Third World New Directions Copyright © www.bhutto.org 6 the need to establish a wider basis for common action by all the deprived nations. For a certain period, the necessity of the unity of developing countries was blurred by the appearance of a rapid re-alignment of economic power and influence in the world. The assertion by the oil-producing countries of their right to control their basic and depleting resource and to determine its price caught the imagination of suffering humanity as the dramatic correction of an age-old wrong. This gave rise to the hope that the older dispensation in which the principal resources of a group of countries were controlled, cheaply bought and extravagantly used for the growth and luxury of the richer countries would give way to a new order in which these resources would be used for the benefit of their rightful owners. That these hopes have languished is an indubitable fact. But the development itself relating to the price of one commodity, oil, demonstrated the effect that can be achieved by a unity of purpose and the exertion of the political and economic will of the producing countries. It showed that long-standing institutions crumble, and conventional economic practices wither, when nations unite for their common benefit at turning points in history. The corollary is that when nations are divided, when they cannot forge a unity of purpose, they continue to suffer not only existing iniquities but also their aggravation through the workings of global economic forces. For the newly independent countries of the Third World, the international economic environment was hostile even when they attained sovereign state hood. But, during the decades of their political independence, the economic inequality between them and the affluent countries has grown immeasurably. The result is that, in real terms, they are today behind even their starting point for economic and social development. Not to speak of the famine which took a tragic toll in recent years in parts of Africa, the hunger which stalks other lands, the chronic deficits in balance of payments and worsening terms of trade are but some indications of their plight. When a group from among them strives to end these iniquities, the massive economic power of the affluent countries asserts itself and the inherent bias of the institutions of trade and capital in their four enables these countries to shift the weight of internal and external adjustments to the poorer nations. When the price of oil increase, the developed countries as a whole, made little or no sacrifice; they raised the prices of their industrial products and thus shifted the burden of the so-called oil crisis back to the Third World. When it comes to the primary products exported by the Third World, the developed countries again determine the price because they are the main markets and disagreement on production quotas and other causes inhibit the developing countries from exerting their weight. This process cannot be arrested unless all the developing countries coordinate their objectives and act in unison. In the last decade and a half, the prices of primary commodities, with the exception of oil,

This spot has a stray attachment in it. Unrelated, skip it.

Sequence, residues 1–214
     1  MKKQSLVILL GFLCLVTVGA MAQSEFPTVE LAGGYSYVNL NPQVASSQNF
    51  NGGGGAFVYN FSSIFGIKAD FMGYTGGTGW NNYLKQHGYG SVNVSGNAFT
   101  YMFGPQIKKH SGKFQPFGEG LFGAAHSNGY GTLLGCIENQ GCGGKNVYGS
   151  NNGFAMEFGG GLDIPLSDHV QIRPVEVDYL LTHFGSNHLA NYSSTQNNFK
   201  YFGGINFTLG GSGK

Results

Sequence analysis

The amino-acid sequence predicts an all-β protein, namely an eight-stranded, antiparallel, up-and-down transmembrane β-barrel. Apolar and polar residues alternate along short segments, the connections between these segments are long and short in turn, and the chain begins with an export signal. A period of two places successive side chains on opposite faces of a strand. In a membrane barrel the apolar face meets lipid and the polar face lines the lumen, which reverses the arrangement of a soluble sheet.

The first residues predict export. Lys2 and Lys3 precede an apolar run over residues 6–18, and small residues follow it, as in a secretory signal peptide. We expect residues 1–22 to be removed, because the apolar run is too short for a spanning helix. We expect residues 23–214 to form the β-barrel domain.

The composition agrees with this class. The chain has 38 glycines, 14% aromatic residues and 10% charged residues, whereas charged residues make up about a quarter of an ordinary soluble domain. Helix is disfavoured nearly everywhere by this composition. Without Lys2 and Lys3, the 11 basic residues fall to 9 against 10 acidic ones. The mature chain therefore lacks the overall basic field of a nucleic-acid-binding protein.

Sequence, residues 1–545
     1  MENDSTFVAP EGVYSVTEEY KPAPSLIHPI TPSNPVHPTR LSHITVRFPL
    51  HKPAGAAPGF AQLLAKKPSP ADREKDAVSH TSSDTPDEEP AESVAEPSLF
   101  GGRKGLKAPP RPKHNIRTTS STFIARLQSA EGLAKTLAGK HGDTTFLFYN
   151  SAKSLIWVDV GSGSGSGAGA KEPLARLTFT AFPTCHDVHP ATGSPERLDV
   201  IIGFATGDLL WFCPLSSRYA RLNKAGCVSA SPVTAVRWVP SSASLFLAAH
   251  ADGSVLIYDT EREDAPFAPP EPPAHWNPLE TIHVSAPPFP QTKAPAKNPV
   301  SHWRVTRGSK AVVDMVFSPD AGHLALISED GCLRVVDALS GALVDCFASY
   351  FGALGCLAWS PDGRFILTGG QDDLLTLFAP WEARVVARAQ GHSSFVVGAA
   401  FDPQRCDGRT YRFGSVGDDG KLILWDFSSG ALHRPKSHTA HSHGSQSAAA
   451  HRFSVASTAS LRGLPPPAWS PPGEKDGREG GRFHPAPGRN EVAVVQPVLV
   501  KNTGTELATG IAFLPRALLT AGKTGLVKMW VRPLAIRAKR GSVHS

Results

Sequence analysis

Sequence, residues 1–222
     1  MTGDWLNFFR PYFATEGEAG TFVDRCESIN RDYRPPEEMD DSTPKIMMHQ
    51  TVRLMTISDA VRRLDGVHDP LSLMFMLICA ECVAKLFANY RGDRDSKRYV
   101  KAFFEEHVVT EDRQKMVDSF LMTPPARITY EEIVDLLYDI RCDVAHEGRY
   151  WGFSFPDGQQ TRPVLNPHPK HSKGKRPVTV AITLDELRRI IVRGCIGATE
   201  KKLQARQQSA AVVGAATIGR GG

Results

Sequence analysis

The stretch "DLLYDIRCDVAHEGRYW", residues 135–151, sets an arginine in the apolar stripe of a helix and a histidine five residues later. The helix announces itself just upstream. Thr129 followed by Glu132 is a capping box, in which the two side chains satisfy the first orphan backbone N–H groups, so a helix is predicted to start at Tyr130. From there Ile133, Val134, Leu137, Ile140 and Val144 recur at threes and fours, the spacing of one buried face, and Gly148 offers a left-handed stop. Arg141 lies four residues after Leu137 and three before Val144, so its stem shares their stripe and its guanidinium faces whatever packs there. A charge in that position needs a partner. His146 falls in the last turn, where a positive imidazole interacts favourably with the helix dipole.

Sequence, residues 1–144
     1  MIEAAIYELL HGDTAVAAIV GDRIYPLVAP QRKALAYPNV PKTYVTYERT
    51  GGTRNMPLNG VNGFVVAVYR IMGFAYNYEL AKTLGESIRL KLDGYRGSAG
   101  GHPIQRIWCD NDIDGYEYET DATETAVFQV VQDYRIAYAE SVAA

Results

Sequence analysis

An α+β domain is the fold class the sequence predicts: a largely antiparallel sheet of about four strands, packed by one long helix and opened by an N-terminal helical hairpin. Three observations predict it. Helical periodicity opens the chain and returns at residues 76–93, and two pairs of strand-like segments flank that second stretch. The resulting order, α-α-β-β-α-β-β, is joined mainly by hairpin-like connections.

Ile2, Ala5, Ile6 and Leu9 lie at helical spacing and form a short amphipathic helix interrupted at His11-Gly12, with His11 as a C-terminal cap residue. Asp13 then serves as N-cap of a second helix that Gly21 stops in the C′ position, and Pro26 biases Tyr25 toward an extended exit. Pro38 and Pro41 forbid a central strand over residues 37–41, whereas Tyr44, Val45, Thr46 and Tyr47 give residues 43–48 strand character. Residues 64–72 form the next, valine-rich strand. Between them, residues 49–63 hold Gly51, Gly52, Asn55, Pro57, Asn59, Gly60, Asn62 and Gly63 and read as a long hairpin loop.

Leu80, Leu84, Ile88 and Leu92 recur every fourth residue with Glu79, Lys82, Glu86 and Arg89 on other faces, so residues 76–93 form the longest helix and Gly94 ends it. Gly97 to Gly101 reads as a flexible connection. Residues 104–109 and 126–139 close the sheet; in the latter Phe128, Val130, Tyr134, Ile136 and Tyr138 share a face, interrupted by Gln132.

Third World New Directions Copyright © www.bhutto.org 7 which constitute the bulk of the Third World exports, have deteriorated by a substantial percentage in real terms. Added to this is the phenomenon of violent year-to-year fluctuations in the prices of these exports depending largely on economic activity in the affluent countries. When some developing countries acquire a manufacturing capacity and can sell manufactured goods, their products are excluded from the markets of the rich by restrictive quotas. All these factors lead to several consequences. The uncertainty about the prices of primary commodities turns the economic planning of the poorer countries to a gamble. The position regarding their manufactures thwarts their aim of achieving self-sufficiency. The necessity of having to pay more and more for the same imports from the richer countries sinks many among them deeper into the mire of debt. This is a pattern which repeats itself inexorably in the daily economic exchange in commodities, manufactures, technology and finance between the developed and the developing countries. Its cumulative results are almost total dependence. In the all face of all this, the thesis is being increasingly propagated that the growth and development of the poor must depend upon the continued rapid growth of the rich; for only then can the markets for the goods of the poor expand and the prices of their commodities hold. This is a pernicious doctrine. It means that the gap between the poor and the rich must continue to appropriate an overwhelming proportion of the earth’s wealth. It means that if, because of sheer saturation with goods, the rich should choose to grow less rapidly, and there is no hope for the poor. But the irony is that, while we may justly denounce this doctrine, it merely describes an in built feature of the present international economic order. It reflects the undeniable fact that our terms of trade, our markets and our resource flows are overwhelmingly dependent upon economic and political policies in the richer countries. While the fundamental underpinnings of this system may not he changed overnight, there is an urgent need to provide the poorer countries an insurance against disaster. The future of the less privileged cannot be allowed to depend upon growing inequality. A way has to be found to improve the terms of trade for the Third World, to remove the inequities of quotas and trade restrictions in the affluent countries and to reduce the paralyzing burden of external debt which his largely a result of unequal trade and exchange between the poor and the rich. We, the countries of the Third World, are called upon to squeeze centuries into decades. Not for us is the relaxed stance of countries which built their economies in an earlier and more tranquil age, which had to dismantle no institutions and which could be content with gradual reform and the steady workings of social change. We are trying to create an environment of opportunity, an ethos of dignity and hope for the underprivileged majority of our peoples. We cheerfully undertake the toil and sweat for a better life for our